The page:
Doug Bedell — April 26, 2007, 7:47 am

No Access for Ugliness

PRO Barrier’s Arrestor vehicle barriers fold nicely (as Arrestors do) into the National Crime Prevention Council’s concept of Crime Prevention Through Environmental Design, or CPTED.

In the past 20 years or so, the Council notes, architects have begun to consider the threat of crime along with “the traditional threats of nature: fire, eathquakes and hurricanes” in designing buildings. And taking a CPTED approach to design is a rewarding alternative to locks and barbed wire. It has the same compatibility benefits as guarding an entryway with a good-looking Arrestor instead of a massive steel plate.

Here are the Crime Prevention Council’s four principles of CPTED design:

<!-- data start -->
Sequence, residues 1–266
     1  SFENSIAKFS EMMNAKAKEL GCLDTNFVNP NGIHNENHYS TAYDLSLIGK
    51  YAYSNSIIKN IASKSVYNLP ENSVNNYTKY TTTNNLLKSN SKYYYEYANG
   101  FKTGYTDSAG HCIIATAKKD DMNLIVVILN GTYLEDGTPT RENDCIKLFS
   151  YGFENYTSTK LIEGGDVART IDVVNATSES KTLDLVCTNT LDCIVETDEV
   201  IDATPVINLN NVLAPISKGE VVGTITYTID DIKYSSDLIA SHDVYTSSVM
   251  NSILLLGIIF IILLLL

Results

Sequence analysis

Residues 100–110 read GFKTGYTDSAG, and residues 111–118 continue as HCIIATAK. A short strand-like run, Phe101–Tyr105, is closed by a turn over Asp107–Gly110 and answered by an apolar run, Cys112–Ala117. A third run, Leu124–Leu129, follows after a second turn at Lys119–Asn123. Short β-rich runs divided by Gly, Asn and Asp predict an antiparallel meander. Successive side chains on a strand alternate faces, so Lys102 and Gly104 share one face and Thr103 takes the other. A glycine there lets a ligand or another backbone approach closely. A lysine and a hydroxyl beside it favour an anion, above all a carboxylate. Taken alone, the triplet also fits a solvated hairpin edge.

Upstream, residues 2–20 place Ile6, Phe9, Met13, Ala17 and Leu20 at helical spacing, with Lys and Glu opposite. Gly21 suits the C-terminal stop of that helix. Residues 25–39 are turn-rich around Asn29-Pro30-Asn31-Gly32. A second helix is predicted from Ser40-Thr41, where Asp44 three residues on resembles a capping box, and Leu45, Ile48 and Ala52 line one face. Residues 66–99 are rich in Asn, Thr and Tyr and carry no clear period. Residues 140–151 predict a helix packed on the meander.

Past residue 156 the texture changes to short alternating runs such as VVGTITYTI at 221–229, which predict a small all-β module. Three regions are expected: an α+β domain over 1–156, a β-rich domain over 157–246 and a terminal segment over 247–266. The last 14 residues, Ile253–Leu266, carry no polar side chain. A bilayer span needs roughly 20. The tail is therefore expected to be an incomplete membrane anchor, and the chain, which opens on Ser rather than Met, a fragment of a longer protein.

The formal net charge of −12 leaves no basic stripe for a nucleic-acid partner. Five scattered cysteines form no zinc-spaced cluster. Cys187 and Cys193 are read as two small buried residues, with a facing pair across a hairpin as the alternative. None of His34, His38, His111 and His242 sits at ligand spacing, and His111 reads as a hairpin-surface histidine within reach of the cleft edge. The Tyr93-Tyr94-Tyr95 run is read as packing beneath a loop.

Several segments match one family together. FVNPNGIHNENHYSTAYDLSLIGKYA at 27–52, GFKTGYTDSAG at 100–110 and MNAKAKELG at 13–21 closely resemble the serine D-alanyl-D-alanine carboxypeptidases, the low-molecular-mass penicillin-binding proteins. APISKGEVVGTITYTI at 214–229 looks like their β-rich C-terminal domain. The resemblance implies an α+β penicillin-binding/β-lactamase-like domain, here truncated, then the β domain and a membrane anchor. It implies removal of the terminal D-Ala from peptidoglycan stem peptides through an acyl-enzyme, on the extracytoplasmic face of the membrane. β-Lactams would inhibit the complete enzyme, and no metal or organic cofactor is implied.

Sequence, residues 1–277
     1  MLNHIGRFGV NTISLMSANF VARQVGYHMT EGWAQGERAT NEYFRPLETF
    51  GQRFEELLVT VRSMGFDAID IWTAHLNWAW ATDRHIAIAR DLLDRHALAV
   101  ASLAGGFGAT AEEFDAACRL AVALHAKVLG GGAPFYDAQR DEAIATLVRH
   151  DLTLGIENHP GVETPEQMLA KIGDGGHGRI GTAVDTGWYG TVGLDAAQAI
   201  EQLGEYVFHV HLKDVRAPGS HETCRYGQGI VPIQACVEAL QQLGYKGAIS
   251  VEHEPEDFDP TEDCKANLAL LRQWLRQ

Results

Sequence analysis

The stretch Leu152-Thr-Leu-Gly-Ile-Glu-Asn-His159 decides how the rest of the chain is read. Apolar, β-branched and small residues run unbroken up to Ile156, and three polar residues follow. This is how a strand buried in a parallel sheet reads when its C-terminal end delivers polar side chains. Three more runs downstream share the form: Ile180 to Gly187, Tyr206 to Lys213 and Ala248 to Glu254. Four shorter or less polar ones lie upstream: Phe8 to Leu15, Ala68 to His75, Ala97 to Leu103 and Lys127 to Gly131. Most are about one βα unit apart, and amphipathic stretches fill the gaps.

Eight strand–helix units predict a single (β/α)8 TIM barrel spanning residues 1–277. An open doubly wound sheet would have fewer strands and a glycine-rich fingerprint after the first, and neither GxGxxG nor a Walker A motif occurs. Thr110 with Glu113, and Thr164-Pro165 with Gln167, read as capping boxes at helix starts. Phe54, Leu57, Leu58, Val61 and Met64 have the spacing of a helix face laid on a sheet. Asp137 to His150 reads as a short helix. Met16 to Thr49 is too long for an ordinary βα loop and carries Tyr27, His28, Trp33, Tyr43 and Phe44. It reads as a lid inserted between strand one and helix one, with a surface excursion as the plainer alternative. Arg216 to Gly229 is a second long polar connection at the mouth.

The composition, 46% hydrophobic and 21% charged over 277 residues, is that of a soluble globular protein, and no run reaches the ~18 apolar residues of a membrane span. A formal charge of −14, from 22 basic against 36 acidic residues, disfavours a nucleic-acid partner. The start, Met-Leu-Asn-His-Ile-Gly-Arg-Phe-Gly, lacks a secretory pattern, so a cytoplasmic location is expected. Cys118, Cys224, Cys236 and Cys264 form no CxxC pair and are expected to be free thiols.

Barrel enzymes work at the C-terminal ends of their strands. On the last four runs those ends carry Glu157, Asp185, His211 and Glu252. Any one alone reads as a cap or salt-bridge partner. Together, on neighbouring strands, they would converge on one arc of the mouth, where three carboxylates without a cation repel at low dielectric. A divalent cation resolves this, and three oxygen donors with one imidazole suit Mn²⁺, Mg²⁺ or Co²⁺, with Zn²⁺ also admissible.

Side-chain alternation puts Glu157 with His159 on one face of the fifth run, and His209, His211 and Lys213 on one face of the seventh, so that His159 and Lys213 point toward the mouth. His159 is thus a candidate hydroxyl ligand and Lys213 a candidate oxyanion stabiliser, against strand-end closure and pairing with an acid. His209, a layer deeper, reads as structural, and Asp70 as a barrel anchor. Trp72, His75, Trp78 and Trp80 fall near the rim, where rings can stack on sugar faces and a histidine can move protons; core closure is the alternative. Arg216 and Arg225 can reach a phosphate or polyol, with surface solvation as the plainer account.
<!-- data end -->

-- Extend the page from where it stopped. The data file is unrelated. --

1. Natural Surveillance – A design concept directed primarily at keeping intruders easily observable. Promoted by features that maximize visibility of people, parking areas and building entrances: doors and windows that look out on to streets and parking areas; pedestrian-friendly sidewalks and streets; front porches; adequate nighttime lighting.

2. Territorial Reinforcement – Physical design can create or extend a sphere of influence. Users then develop a sense of territorial control while potential offenders, perceiving this control, are discouraged. Promoted by features that define property lines and distinguish private spaces from public spaces using landscape plantings, pavement designs, gateway treatments, and “CPTED” fences.

3. Natural Access Control – A design concept directed primarily at decreasing crime opportunity by denying access to crime targets and creating in offenders a perception of risk. Gained by designing streets, sidewalks, building entrances and neighborhood gateways to clearly indicate public routes and discouraging access to private areas with structural elements.

4. Target Hardening – Accomplished by features that prohibit entry or access: window locks, dead bolts for doors, interior door hinges.

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